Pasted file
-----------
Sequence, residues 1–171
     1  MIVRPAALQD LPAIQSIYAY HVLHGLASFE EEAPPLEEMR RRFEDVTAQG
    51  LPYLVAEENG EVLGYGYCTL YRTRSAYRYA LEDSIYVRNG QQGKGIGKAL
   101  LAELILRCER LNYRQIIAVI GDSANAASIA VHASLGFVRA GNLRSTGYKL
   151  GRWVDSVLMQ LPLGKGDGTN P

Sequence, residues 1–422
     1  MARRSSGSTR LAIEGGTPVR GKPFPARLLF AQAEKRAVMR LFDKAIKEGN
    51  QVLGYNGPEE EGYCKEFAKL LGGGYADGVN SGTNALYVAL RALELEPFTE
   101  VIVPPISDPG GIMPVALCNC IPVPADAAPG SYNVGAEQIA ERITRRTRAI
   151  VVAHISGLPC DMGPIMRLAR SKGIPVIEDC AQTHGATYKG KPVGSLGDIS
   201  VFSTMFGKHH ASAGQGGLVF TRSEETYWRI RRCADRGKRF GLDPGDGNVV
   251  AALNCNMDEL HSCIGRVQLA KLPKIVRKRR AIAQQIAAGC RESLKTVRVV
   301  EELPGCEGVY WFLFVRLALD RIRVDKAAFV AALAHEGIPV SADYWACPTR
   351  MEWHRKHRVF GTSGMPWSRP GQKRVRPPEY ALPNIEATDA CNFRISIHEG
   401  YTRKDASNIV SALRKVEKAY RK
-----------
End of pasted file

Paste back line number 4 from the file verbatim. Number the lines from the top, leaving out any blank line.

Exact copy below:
   101  LAELILRCER LNYRQIIAVI GDSANAASIA VHASLGFVRA GNLRSTGYKL